Agriculture Secretary Mike Johanns today approved petitions from North Carolina Governor Mike Easley, South Carolina Governor Mark Sanford and Virginia Governor Tim Kaine to develop state-specific rules for managing roadless areas in the three states.
"We are committed to working closely with the nation's governors to meet the needs of our local communities while protecting and restoring the health and natural beauty of our national forests," said Johanns. "I look forward to continuing to work collaboratively with Governors Easley, Sanford, Kaine and others in the conservation and management of these important areas."
The three petitions were recently reviewed by the 13-member Roadless Area Conservation National Advisory Committee, established by Johanns to provide advice and recommendations on implementing the State Petitions for Inventoried Roadless Area Management Rule.
Governor Mike Easley said, "I am pleased that North Carolina is among the first states to have its petition accepted but this is only a first step in protecting these roadless National Forest areas in North Carolina from development. We look forward to joining with the National Forest Service representatives to expeditiously work toward putting permanent rules in place so these lands remain unspoiled for future generations."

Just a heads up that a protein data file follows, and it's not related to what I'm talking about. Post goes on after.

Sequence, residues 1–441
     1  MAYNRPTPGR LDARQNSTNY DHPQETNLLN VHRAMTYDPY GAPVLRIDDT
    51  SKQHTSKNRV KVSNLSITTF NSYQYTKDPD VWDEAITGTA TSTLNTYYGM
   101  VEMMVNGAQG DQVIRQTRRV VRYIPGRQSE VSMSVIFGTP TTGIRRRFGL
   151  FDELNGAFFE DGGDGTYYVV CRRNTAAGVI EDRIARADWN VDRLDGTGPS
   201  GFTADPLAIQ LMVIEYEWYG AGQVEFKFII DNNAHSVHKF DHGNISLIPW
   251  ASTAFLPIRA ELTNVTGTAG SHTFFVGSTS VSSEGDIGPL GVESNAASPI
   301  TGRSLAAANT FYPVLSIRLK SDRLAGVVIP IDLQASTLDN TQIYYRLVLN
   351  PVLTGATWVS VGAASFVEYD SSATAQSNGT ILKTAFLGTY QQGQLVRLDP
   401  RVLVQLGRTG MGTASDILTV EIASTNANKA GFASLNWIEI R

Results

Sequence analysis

Governor Mark Sanford said, "The quality of life in our state is going to be an increasingly important part of South Carolina's competitive edge when it comes to the global race for jobs and investment. The approval of our request to keep these areas roadless --along with our ongoing efforts to protect other ecologically significant land in the state -- is an important step toward preserving the way we look and feel as a state and preserve our competitive advantage with respect to our quality of life."
Governor Tim Kaine said, "My administration looks forward to beginning the rulemaking process as we continue working to protect the important roadless areas in our national forests. I commend the Secretary's decision, and appreciate the Committee's thoughtful review of Virginia's petition."
The Forest Service will now work with North Carolina, South Carolina and Virginia to develop and publish proposed state-specific rules that address the management requirements set forth in the petitions. The state-specific rulemaking process will include any required National Environmental Policy Act analysis and invite public input during a notice and comment period. USDA will make the determination on the adoption of any final federal rule.
USDA is accepting state petitions until November 13, 2006. After a petition is received, the advisory committee has 90 days to review it and provide recommendations to the Secretary. If a state chooses not to file a petition, inventoried roadless areas within that state will continue to be managed in accordance with the direction set forth in each national forest's land and resource management plan. During the state-petitioning process, the Forest Service will continue to maintain interim measures to conserve inventoried roadless areas.
The State Petitions for Inventoried Roadless Area Management Rule was adopted by USDA in May 2005 and established a process to provide governors an opportunity to establish or adjust management requirements for National Forest System inventoried roadless areas within their states.